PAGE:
Robert Owen's Windows of Learning
Robert Owen's principles of education immortalised in stained glass
A series of eight stained glass panels created by local Lanark schools, celebrating the legacy of social philanthropist Robert Owen, commemorates the Windows of Learning Project which took place in 2017.
Principles of character, cooperation, environment, equity, happiness, kindness and play, used by Owen when creating his Institute for the Formation of Character – the first infant school in the world - 200 years ago, have been immortalised in stained glass, which now reside in New Lanark Primary School.
Brought together by New Lanark Primary School Parents’ Association, the multifaceted Windows of Learning project involved pupils from New Lanark Primary School, Kirkfieldbank Primary School, Lanark Primary School, St Mary’s Primary School and Robert Owen Memorial Primary School.
Watch the video below to hear artist Fiona Foley describe how the children researched Robert Owen's philosophies and turned them into bold and bright stained glass creations.
The panels were a culmination of different elements in the project, as below.
Back in Time workshops
The children of Lanark’s schools and nurseries travelled back in time to experience what life was like for children in New Lanark 200 years ago when Robert Owen was the Mill Manager. Owen was dedicated to improving the lives of those living and working in New Lanark and believed that education was the key to forming a society free from crime and poverty. He opened the Institute of Character Reformation on the 1st January 1816. With an emphasis on play, children learned to share, be kind to one another and to be curious about their natural environment. These principles are the focus of the window design.
Local nurseries were treated to a series of drama, drumming and nature craft workshops. Inspired by Robert Owen’s love of the book ‘Robinson Crusoe’ the children went on an imaginary adventure pretending they were cast away on a remote island. The nurseries were: St. Mary’s, Robert Owen, Lanark, Little People and Grand-y-Care Academy.
Parents, guardians, teachers and early years workers were invited to take part in seminars entitled ‘Ways to Nurture a Joy of Learning’. Guest speakers with a background in character development and education engaged the audience in discussion that explored the relevance of Robert Owen’s principles in our lives today. The highlight was a talk by Sue Palmer, author of ‘Toxic Childhood’ and spearhead of the nationwide ‘Upstart’ campaign. Sue has since published an article about her talk and visit to Lanark, available by clicking the link under ‘related links’.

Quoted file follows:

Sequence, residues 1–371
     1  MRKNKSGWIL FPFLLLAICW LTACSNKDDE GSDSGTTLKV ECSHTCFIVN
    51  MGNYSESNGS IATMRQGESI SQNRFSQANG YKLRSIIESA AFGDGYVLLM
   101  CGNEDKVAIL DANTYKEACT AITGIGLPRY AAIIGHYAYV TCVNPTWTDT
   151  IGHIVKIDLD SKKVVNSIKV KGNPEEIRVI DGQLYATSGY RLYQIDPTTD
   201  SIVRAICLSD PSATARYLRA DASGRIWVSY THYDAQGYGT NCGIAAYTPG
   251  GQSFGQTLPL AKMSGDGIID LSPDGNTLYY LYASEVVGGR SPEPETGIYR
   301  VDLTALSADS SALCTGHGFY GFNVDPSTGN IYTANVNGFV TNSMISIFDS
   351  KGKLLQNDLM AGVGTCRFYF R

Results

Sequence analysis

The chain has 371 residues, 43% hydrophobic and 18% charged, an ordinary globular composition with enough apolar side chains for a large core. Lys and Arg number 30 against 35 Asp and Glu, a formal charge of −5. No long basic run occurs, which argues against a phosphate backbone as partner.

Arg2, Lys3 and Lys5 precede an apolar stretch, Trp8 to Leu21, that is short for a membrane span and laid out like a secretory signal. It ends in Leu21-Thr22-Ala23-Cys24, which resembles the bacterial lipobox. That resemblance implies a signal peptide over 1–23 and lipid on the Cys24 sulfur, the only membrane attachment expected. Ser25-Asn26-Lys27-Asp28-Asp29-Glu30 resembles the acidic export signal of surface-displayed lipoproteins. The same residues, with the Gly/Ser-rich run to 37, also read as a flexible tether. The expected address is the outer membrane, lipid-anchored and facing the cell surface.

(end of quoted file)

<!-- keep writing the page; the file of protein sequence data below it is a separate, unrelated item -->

Forest School Training
Have you ever been for a walk in the woodlands at New Lanark? It’s possible that you were on one of the paths originally created by Robert Owen so that workers had easy access to appreciate the captivating beauty of the Clyde Valley. Owen regularly emphasised the importance of children playing outdoors and exploring and observing our natural environment. In honor of this, the project offered wild play sessions featuring den-building and eating marshmallows toasted on the open fire. To promote an expansion of local outdoor learning and play activities, a number of parents, teachers and nursery staff have been funded to gain Forest School qualifications.
Stained glass window workshops
Local schools benefited from three imaginative workshops curated by Fiona Foley, stained-glass window artist, from Leadhills. Fiona immersed children in a wide range of experiences to generate the ideas which have been skillfully woven into the windows. To explore Robert Owen’s principles of character, kindness, play, cooperation, equity, the environment and happiness, the children took part in a museum of curiosity, played Victorian games, explored the world of colour, texture and pattern and tested their hands at printing and glass cutting. We hope you marvel at the results and join us in praising all the children for bringing such joy and wonder to the project.
The panels were exhibited in the Lanark Tolbooth in August 2017. Watch the video below to hear Tila Morris describing the project at the closing party of the exhibition.
The project was funded by LEADER and Heritage Lottery Fund supported Clyde and Avon Valley Landscape Partnership (CAVLP), with funding from Big Lottery Fund, Clydesdale Bank PLC and New Lanark Trust. New Lanark Primary School Parents Association and CAVLP would also like to thank the family and friends of the late George Cullen, who contributed a generous donation of £800.